Monthly Archives: June 2013

Grieving within Western Society

grievingConforming to Western Society

When we speak of bereavement and grieving in our Western Culture people often feel uncomfortable and tend to avoid the subject. Clients often report to me that they find they cannot talk of the dead person to friends or colleagues. It is almost as though they are not allowed to carry on thinking of the deceased person to the point that if they do, other people find it embarrassing.  In Western Society there is social pressure for the bereaved to grieve quickly and quietly. These pressures, as Harris (2010) says, constricts the experience of grief rather than support it. These restrictive ways of dealing with grief can create further stress to clients as they are worried to how they are perceived by family and friends.

Grieving at the beginning

I feel we could learn a lot from other societies who place family and community at the forefront of their values. When I worked in Cameroon, a member of the village where I was staying died. Immediately the women started wailing. They were allowed and encouraged to openly express they sadness at their loss. This continued for 3 days. People from nearby villages and relatives from afar visited the village to see the deceased body. The funeral was held with over 500 people attending. The family were never left alone during this period or for a long time after.  Our workers openly spoke of the dead person and told us how we could as ‘Westerners’ (who were visitors to the village) could support the family through their grief.  What a different experience compared to our country. In UK you are allowed up to 3 days bereavement leave from work. It feels as though people prefer you not express your grief in public and society prefers you step back to ‘normality’ after the funeral.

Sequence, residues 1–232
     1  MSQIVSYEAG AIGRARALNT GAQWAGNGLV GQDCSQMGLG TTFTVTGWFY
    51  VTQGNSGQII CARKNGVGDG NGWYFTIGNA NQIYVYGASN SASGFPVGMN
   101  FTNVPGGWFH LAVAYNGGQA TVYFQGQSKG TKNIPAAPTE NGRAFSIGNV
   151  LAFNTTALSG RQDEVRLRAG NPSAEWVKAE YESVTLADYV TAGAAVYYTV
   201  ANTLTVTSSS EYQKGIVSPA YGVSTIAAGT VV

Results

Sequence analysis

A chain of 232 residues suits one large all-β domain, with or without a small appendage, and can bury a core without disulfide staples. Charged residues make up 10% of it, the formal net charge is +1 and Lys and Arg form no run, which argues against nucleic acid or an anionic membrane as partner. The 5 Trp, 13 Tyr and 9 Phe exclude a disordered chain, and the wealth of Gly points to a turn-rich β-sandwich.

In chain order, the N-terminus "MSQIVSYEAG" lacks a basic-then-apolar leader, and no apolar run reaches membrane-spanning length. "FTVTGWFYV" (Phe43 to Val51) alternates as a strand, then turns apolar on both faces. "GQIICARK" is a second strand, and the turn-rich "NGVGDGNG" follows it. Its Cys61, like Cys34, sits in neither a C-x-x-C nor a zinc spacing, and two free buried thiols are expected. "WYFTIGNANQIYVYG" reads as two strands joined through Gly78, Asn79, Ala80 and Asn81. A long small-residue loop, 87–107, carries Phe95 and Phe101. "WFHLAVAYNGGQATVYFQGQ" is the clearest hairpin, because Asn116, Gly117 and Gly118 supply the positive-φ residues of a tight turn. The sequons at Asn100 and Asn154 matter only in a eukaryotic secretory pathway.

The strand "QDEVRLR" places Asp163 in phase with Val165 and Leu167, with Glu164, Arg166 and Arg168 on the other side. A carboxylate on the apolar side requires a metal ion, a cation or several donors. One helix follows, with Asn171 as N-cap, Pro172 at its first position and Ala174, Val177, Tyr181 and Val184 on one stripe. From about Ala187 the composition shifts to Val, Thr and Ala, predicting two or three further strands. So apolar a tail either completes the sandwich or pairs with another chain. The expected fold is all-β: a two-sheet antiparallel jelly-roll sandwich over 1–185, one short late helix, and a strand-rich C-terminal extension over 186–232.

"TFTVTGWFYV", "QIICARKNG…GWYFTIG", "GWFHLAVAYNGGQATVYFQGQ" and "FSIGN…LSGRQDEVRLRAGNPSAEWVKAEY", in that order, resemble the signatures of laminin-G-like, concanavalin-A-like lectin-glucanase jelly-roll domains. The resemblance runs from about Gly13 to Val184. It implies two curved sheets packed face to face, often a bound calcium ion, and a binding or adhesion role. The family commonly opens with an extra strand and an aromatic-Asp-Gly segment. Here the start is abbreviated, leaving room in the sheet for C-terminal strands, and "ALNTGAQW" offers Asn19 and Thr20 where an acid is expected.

And a year on….

Whilst in Cameroon I also experienced the one year after death party. The villagers held a massive party and toasted the dead person. They poured alcohol at the dead person’s door to let the dead person’s spirit drink it. They then spent all evening talking fondly of the dead person and supporting the grieving family. It was a touching experience. What a different experience towards grief compared to our society. On anniversary death days in Western Society, people outside of the family do not want to know. Some outsiders cannot even understand why it is a difficult day to get through.  ‘It’s just another day’ I have heard in the past.

Talking therapy helps

There is no right or wrong way to grieve. It is a personal experience. From experience with clients, I would say the first year is worse. Yet for some the first year is just the beginning of their grief journey and it can get worse for them. It is common after losing a loved one is that you need to find sense of what you are feeling and need to talk and talk about the same thing. Few people are willing to hear. You can experience numbness, low self-esteem, anger, sadness. If you are suffering from grief, counselling may help you to come to terms with your grief. Sometimes talking to someone who is not involved in the bereavement can be beneficial.

What can we learn?

We could learn a lot from other cultures on how to deal with grief. Let’s start by allowing people to express their grief. Accept their sadness not criticize it. Let’s learn how to carry and support our family and friends rather than asking them to conform to our way of grieving or society’s way.Let’s listen to them and not be irritated that we have heard that story before. Let’s be compassionate friends to each other and help our friends and family through their grieving process. It’s only a start but an encouraging one.